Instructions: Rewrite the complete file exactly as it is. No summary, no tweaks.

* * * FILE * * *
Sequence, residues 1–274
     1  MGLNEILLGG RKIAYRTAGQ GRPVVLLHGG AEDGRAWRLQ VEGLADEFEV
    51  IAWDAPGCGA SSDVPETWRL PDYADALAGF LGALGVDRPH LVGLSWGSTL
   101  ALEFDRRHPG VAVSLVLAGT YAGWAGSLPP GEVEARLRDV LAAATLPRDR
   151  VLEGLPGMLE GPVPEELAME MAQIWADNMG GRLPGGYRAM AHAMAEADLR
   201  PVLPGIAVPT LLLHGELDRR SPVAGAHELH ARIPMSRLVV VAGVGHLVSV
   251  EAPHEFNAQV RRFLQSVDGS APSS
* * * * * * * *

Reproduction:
Sequence, residues 1–274
     1  MGLNEILLGG RKIAYRTAGQ GRPVVLLHGG AEDGRAWRLQ VEGLADEFEV
    51  IAWDAPGCGA SSDVPETWRL PDYADALAGF LGALGVDRPH LVGLSWGSTL
   101  ALEFDRRHPG VAVSLVLAGT YAGWAGSLPP GEVEARLRDV LAAATLPRDR
   151  VLEGLPGMLE GPVPEELAME MAQIWADNMG GRLPGGYRAM AHAMAEADLR
   201  PVLPGIAVPT LLLHGELDRR SPVAGAHELH ARIPMSRLVV VAGVGHLVSV
   251  EAPHEFNAQV RRFLQSVDGS APSS